The Theatreguide.London Review
KAOS Titus Andronicus
KAOS is one of Britain's finest small touring companies, known for a very physical performance style that draws on sources ranging from circus clowning through Berkoffian choreography and mugging.
At their best, the sometimes seemingly incongruous juxtaposition of style and subject can be a theatrical revelation, as when they turned Oscar Wilde's very verbal Importance of Being Earnest into a slapstick romp.
Titus Andronicus is perhaps Shakespeare's least-often produced play, because its wave upon wave of Grand Guignol horrors intimidates or defeats most conventional companies.
(Briefly, the Roman war hero finds himself the target of vicious enemies: his sons are murdered, his daughter raped and mutilated, he conned into mutilating himself and driven mad, until he achieves a horrible vengeance.)
But Shakespeare's phantasmagoria of murder, rape, mutilation, madness and cannibalism proves fertile ground for KAOS's signature mode of eclectic physicality.
Under Xavier Leret's direction, the cast of eight employ all the performance styles in the company's repertoire, with such inventiveness and freedom that if there are three people onstage at any point, it is likely that one will be acting in an entirely different mode from the others.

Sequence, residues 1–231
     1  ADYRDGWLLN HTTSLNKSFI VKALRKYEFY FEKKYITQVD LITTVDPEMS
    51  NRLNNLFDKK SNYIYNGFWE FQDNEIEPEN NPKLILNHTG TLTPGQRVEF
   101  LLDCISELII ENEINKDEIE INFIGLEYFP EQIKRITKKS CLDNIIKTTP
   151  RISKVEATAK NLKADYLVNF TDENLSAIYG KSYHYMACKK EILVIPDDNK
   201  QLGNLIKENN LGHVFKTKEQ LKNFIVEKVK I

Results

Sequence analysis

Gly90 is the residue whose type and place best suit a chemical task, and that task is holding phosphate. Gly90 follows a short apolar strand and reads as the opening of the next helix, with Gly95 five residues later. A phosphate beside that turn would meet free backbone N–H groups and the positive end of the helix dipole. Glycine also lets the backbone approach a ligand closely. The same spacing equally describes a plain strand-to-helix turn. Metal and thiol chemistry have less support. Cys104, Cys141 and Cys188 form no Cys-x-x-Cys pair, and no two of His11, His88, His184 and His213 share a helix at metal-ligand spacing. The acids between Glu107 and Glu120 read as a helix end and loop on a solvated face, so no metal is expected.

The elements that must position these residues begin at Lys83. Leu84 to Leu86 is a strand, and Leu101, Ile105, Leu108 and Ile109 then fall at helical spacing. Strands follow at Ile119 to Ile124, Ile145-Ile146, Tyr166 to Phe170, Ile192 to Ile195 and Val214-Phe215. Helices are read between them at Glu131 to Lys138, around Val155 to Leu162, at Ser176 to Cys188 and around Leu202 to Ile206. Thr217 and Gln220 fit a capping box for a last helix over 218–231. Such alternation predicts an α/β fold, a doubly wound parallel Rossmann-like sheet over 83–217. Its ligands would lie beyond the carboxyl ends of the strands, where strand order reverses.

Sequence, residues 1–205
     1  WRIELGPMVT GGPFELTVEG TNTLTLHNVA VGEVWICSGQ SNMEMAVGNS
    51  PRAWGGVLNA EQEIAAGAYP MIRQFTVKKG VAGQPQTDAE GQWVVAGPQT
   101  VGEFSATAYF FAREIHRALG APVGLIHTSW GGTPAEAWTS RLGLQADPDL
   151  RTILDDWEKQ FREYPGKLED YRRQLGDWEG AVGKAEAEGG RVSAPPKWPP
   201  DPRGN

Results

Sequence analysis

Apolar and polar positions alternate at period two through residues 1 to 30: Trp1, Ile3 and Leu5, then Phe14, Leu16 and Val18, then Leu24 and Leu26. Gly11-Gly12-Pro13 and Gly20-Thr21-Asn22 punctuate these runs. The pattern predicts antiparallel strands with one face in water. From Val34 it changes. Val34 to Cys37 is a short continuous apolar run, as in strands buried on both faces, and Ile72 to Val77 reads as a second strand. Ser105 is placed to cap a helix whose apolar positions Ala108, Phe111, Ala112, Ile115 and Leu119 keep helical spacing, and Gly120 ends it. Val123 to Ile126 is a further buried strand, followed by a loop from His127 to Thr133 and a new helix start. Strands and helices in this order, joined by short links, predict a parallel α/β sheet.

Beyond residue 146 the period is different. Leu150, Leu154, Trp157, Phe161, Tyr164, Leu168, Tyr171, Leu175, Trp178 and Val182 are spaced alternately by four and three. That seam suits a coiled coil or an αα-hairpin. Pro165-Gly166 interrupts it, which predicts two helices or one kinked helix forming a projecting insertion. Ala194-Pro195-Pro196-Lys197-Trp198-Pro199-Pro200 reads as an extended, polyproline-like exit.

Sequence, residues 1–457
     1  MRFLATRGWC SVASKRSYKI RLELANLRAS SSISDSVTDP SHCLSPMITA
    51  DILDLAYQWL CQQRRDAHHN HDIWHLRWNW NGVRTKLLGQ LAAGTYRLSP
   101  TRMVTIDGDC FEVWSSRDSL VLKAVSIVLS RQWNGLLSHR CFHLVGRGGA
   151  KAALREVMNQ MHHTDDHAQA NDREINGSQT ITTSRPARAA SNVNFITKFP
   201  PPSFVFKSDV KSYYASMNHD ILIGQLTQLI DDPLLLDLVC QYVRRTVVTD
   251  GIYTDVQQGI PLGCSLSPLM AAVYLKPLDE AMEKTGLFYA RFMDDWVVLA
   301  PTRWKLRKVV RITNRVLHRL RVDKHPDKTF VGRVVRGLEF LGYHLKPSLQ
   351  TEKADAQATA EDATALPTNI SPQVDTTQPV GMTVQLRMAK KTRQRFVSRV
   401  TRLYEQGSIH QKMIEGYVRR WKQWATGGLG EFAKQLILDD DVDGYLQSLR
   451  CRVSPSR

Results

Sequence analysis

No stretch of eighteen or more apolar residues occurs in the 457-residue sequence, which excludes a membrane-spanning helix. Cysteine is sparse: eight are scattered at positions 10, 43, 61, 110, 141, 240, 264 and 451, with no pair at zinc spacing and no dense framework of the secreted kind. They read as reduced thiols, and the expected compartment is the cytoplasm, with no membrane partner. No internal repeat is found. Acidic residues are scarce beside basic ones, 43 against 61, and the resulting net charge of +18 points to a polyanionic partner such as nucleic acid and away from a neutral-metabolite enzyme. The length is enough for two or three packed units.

But this stylistic eclecticism is not random or pointlessly showy. Shakespeare's play of extreme atrocities and extreme revenges actually benefits from an approach that does not shrink from its excesses, but rather underlines them theatrically.
A great deal of stage blood is spilled, but the Grand Guignol approach is carefully controlled, and the company's repertoire of styles is expanded to include moments of quiet naturalism that movingly convey the central character's barely-imaginable depths of pain and despair.
Older than most of the young company, guest performer Lee Beagley brings the gravity of age to the role of Titus, entering the play in a state of exhaustion and making us see the ravages of each new shock to his physical as well as mental health, until he achieves the obscene nobility of bearing the unbearable.
Others in the cast double and redouble roles, with Jane Hartley and Peter Holmes standing out through reflecting the two extremes of bloody horror and quiet dignity.
Neither the play nor the performance style can be for all tastes, and the squeamish are particularly advised to look elsewhere for safer entertainment. But this is a rare opportunity to see an inventive director and company addressing a classical text, and finding theatrically effective ways of serving it.
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Review - Titus Andronicus - Riverside 2002